Principles of Insurance


Insurance companies take risks whenever they issue an insurance policy to someone.  This is because they have to trust the disclosure the client says on what is being insured.  Since they are not able to fully examine what is being insured to them, they are left with no choice but to trust what the client says to them.  This leaves insurance companies vulnerable to scheming individuals or group of people who attempt to screw them for money.  As a means of protection, they have built six Principles of Insurance to abide by so they do not get screwed by people who plan to underhand their business.

Six Principles of Insurance:

Principle of Utmost Good Faith – it has come to an understanding that the client discloses everything that needs to be disclosed over the item that they are insuring.  Proper disclosure allows for proper evaluation of the item being insured.  Failure to reveal important matters on the item being insured will render the policy void and claims made on such will be denied.

Principle of Insurance Interest – it is believed that the item being insured is valuable to the client, otherwise, the insurance company will not insure something that the client does not hold great value to.  Insurance companies’ takes great risk in insuring something the client does not really find valuable or important to them.  Insuring something that is not important means you intend to commit fraud.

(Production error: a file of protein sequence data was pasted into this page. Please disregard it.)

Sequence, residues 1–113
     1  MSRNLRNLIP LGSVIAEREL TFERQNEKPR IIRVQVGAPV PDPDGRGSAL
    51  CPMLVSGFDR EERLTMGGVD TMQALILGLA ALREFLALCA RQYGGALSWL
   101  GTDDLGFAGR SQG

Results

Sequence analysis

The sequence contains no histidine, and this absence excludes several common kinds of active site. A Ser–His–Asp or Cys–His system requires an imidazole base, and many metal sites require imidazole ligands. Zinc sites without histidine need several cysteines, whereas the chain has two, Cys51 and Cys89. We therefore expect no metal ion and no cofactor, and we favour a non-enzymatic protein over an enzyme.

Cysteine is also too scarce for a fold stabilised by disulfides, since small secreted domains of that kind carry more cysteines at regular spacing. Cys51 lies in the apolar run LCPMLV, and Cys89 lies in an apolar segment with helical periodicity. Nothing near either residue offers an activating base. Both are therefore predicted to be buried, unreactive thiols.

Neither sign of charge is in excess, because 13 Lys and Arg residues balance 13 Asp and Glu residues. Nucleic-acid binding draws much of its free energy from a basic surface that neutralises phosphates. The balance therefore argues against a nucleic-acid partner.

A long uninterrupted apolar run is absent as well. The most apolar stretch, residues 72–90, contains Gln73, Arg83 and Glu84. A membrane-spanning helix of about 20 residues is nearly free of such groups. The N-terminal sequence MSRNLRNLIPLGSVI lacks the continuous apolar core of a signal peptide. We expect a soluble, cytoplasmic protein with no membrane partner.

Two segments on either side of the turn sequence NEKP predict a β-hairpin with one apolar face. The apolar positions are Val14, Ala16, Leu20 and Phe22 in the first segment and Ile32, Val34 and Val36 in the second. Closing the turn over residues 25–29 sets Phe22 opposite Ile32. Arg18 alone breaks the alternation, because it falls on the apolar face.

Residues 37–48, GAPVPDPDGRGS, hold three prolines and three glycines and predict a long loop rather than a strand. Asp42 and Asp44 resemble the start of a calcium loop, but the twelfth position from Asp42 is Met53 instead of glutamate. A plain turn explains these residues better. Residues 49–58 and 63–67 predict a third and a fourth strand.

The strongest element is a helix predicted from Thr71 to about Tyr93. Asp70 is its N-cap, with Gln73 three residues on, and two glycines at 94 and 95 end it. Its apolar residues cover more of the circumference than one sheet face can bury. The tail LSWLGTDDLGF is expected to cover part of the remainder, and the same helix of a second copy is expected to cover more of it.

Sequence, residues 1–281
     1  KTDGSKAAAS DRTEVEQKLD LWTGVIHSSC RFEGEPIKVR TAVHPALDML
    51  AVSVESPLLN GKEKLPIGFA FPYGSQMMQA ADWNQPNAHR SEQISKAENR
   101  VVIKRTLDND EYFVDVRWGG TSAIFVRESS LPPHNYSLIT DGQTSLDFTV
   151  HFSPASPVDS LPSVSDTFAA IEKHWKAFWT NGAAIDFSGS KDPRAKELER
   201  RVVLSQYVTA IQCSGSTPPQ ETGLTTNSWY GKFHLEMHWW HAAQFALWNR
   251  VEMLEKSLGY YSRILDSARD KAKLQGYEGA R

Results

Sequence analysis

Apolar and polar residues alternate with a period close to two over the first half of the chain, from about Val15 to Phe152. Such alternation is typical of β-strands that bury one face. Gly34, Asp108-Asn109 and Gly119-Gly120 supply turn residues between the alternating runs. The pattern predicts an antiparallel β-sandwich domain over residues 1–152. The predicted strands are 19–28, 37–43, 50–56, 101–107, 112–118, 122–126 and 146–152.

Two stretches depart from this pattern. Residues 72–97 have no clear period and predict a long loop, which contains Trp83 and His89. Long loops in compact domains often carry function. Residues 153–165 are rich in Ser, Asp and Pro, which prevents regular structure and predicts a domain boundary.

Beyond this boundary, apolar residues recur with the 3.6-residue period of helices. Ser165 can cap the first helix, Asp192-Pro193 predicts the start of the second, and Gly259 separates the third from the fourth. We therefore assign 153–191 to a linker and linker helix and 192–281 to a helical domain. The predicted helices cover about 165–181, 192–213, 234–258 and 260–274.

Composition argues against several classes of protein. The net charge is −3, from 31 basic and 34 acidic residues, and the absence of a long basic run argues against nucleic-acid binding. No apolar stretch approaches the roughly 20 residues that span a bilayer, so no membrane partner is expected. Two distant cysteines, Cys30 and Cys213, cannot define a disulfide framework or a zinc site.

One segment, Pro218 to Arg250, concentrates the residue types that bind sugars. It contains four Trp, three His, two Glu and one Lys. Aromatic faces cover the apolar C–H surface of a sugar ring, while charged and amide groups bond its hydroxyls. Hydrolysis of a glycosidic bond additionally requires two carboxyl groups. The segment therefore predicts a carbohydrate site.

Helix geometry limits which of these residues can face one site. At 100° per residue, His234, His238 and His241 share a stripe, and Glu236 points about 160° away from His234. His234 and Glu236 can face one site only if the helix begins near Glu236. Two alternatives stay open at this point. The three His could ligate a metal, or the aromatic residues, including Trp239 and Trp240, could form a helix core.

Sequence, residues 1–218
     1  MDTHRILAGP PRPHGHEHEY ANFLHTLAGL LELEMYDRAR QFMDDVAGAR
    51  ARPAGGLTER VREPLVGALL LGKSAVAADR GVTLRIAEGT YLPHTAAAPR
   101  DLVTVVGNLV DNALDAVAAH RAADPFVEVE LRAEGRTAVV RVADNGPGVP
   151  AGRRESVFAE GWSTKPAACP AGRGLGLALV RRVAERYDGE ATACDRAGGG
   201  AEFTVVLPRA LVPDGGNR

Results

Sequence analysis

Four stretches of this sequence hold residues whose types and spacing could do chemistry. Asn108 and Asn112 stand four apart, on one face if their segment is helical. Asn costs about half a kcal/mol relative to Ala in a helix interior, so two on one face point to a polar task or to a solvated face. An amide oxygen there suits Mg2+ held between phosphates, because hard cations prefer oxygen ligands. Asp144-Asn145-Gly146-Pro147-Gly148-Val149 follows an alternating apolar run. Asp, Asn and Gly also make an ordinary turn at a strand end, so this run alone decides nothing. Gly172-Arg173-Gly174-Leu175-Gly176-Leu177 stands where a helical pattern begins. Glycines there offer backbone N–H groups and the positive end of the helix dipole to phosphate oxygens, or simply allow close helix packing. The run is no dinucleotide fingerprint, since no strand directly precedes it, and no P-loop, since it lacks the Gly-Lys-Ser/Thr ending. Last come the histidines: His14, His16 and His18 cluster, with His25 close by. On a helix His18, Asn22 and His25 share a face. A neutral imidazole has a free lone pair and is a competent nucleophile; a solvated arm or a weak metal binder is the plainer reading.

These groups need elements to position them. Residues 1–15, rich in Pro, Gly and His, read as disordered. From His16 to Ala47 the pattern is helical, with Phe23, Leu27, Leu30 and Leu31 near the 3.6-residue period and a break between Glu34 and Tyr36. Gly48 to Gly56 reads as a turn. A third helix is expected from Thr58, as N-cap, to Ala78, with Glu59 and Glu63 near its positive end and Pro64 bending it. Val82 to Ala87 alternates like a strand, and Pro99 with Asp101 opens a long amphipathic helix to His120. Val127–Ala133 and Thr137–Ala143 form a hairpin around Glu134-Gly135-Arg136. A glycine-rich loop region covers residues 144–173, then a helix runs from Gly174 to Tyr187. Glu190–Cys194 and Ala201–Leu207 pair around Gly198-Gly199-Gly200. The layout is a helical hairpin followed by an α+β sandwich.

Principle of Indemnity – claims given to clients will not exceed the amount of cost needed to repair or replace the item insured.  Once claims have been provided by the insurer, the insurer indemnifies that the insured item will be in its pre-damaged condition.

Principle of Proximate Cause – due to the different coverage available for different types of insurance, any damage or loss that is not within the boundaries or inclusions of the insurance coverage will be denied of claims.

Principle of Subrogation – damage caused by a third party will be at the cost of the insurer.  However, the insurer reserves the right to sue the third party for damages made unto the insurer.  Normally, the settlement insurers require are more than double the claims provided to their policyholders.

Principle of Contribution – even though you can have the same insurance policy from two different insurance company does not mean you can receive claims from both of them.  A policyholder is only allowed one claim which both insurers will contribute to fulfill the claim.